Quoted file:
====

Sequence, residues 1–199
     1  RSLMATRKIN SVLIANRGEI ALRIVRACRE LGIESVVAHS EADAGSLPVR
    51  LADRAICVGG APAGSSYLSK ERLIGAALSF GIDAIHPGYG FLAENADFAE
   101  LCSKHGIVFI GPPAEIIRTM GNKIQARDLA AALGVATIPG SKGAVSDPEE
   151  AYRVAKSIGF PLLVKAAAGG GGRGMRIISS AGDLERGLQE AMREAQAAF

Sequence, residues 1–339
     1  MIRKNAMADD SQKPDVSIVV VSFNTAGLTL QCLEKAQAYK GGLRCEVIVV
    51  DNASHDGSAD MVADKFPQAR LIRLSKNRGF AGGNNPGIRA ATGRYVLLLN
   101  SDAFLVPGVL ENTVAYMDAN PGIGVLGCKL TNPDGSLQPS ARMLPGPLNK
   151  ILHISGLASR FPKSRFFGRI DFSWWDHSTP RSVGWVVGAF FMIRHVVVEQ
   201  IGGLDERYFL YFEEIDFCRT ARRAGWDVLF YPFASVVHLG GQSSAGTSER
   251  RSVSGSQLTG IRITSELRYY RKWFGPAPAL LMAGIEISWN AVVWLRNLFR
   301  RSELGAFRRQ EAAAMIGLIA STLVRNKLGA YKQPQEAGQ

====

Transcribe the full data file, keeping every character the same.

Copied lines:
Sequence, residues 1–199
     1  RSLMATRKIN SVLIANRGEI ALRIVRACRE LGIESVVAHS EADAGSLPVR
    51  LADRAICVGG APAGSSYLSK ERLIGAALSF GIDAIHPGYG FLAENADFAE
   101  LCSKHGIVFI GPPAEIIRTM GNKIQARDLA AALGVATIPG SKGAVSDPEE
   151  AYRVAKSIGF PLLVKAAAGG GGRGMRIISS AGDLERGLQE AMREAQAAF

Sequence, residues 1–339
     1  MIRKNAMADD SQKPDVSIVV VSFNTAGLTL QCLEKAQAYK GGLRCEVIVV
    51  DNASHDGSAD MVADKFPQAR LIRLSKNRGF AGGNNPGIRA ATGRYVLLLN
   101  SDAFLVPGVL ENTVAYMDAN PGIGVLGCKL TNPDGSLQPS ARMLPGPLNK
   151  ILHISGLASR FPKSRFFGRI DFSWWDHSTP RSVGWVVGAF FMIRHVVVEQ
   201  IGGLDERYFL YFEEIDFCRT ARRAGWDVLF YPFASVVHLG GQSSAGTSER
   251  RSVSGSQLTG IRITSELRYY RKWFGPAPAL LMAGIEISWN AVVWLRNLFR
   301  RSELGAFRRQ EAAAMIGLIA STLVRNKLGA YKQPQEAGQ